Alas, as we get up in life, and are more preoccupied with our affairs, even a holiday is a thing that must be worked for...
....so true! Especially even more so in these modern times...
We enjoyed driving, last October, from within 130 feet of Steinbeck's house (on Long Island-- Sag Harbor) on his route to the New London Ferry (where he crossed the Long Island Sound, from the Orient Point departure, commencing his journey)...we've already driven most of Steinbeck's eastern route; we can tack on now the leg from his driveway to Orient Point :)
The other side...
...say, 1.2 million Canadians vacation and spend long periods of time in Mexico every year, and:
"On average, three Canadians for every 100,000 visiting Mexico are killed or assaulted per year, according to more than a decade's worth of data from the Canadian Department of Foreign Affairs." (CBC 2012)
...so, what if it were 4 (0.004%) ? Or, 5 (0.005%) ? We're moving there....permanently :B
20 million Americans visited/vacationed/lived in Mexico in 2011...and 120 Americans were killed in Mexico in 2011 (0.0006%) Obtaining an American citizenship before spending long-term in Mexico is good for your well-being :B
...a big fuss about nothing.
Nice job. Very versatile.
We have a fixed U-shaped dinette (like in your top photo) in our pop-up Outfitter (8 foot camper tub, for 8 foot truck bed), but it would have been nice to have the full wide benches once in a while.
We remove the dinette table top and slide it under the cab-over mattress if we want to have a full "living room" effect.
We're still looking for a metal articulating under-tabletop receiver, so we can articulate the table-top in many different configurations. No luck yet.
No matter how you paint your position, hammer the nail, push your finger into the chest of a non-believer, we all have our own experiences and opinions. For me, I am a better person for having all of you to share yours with me.
....very well said! Well played thread.
hey folks.......seems that something goes wrong here......... ;-) In Germany, kids (!) get 6 weeks of holidays in summer !!! Working people get a total of between 25 and 30 days of vacation for the whole year. Many families spent their holidays in summer between 2 and 3 weeks of duration.
Ah. Interesting Felix. This is good to keep in mind.
WOW! That is some super interesting terrain!
A "friend" of our family has been trying to acquire legal ownership of his family's home/property situated in East Germany, since "The Wall" fell. It was a very, very, very long and complex process, that has only recently been accomplished.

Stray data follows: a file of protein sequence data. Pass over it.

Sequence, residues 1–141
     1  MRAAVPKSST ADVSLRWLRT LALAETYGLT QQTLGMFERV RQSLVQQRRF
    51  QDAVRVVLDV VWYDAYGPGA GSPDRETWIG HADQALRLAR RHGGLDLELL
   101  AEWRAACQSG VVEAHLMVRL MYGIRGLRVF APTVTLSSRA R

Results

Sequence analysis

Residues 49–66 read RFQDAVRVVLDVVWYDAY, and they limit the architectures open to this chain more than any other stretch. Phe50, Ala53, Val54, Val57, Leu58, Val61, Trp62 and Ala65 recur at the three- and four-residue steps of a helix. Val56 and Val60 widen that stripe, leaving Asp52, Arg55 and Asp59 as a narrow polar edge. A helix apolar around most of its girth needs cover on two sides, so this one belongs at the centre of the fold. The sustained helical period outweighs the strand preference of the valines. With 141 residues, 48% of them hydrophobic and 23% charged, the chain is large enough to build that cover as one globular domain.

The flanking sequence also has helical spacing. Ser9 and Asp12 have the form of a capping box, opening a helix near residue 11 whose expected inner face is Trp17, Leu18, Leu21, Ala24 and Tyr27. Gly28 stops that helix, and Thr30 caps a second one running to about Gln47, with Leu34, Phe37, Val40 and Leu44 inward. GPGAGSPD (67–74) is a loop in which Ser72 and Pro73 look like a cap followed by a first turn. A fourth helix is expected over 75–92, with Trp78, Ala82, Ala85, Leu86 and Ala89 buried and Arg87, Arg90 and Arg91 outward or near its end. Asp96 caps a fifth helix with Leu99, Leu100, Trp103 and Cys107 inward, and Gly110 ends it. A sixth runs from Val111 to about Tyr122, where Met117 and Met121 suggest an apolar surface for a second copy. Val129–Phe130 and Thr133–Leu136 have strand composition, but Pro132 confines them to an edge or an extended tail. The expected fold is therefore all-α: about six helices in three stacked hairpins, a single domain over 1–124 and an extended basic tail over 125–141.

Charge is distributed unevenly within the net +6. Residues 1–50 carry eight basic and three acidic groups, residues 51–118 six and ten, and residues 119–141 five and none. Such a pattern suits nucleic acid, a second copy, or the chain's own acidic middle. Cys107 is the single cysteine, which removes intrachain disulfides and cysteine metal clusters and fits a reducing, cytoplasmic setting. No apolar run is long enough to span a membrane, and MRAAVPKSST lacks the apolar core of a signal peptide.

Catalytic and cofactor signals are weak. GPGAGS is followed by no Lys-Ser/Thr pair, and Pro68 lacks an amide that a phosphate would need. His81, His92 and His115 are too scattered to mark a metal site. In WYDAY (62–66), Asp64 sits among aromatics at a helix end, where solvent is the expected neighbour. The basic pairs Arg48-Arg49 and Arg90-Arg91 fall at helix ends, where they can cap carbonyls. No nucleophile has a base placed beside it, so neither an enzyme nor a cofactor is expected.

This has been one very well conducted trip report, and most interesting discussion.
Wow! Beautiful camper, beautiful story, beautiful photos!!
I was shaken when a Mercedes passed us at over 180 KPH (115 mph) practically blowing my doors off. It came up so fast that I did not see the sedan approaching.
...hah. Last month, on our way back from Florida, just crossing the North Carolina line, a "red low sports car" blew by us at what I guestimate to be ~250+ kph. We were doing the 70 MPH (113 kph) limit (in the SUV)....
We talked to the director of Hammerhofen, Rolf Soujon, about camping in Germany. He explained that the largest crowds were in July when most families have 5-6 weeks of “holiday”...
....wow. I always love the "proper" holiday the Europeans get. Try and do this with your job in the US or Canada, and you'll find yourself on the street holding a box with your personal office items in it (unless you are on a university sabbatical, or similar). Even taking 4 straight weeks rankles A LOT of feathers. Ya have to break up your holiday (if you're lucky enough to have 4, 5, 6 weeks) into 2 week stints in today's economy :B
....we are in the middle of this "storm" as I write. IMO, if you live north of the latitudes from Albany, NY, to Cleveland, to Detroit, to Chicago, to Omaha, to southern Wyoming...I would wait till at least May 2nd to migrate home. It is bloody cold north of this line, snowy, and warm/cold fickle (ie. one day it can be 50F the next, 15F !).
The Weather Channel has unilaterally decided to "name" noteworthy storms (unlike scientific naming of tropical storms, under an industry-wide (spanning the Globe) naming convention). This started in 2012 appx. They argue that naming (winter) storms makes it "easier" for the layperson to track individual systems (say, if 3 systems are going to strike the US over short periods of time)...
On the flip side, other WX companies (weather expert providers) argue that naming storms only adds to confusion, confusing "media spin" with science.
I personally prefer that every storm that comes by isn't named. YMMV
Google looks like 30 hrs drive time, so I am thinking 3x10 hr drive each day...
....that's 83.3 MPH and not a second under the entire way....carrying a large truck camper. You'll be breaking every speed limit on every road you travel on. Also, what if you hit traffic? You have to go through numerous "choke points" along any route I can see; this will almost certainly kill your destination clock (3 days ticking down...).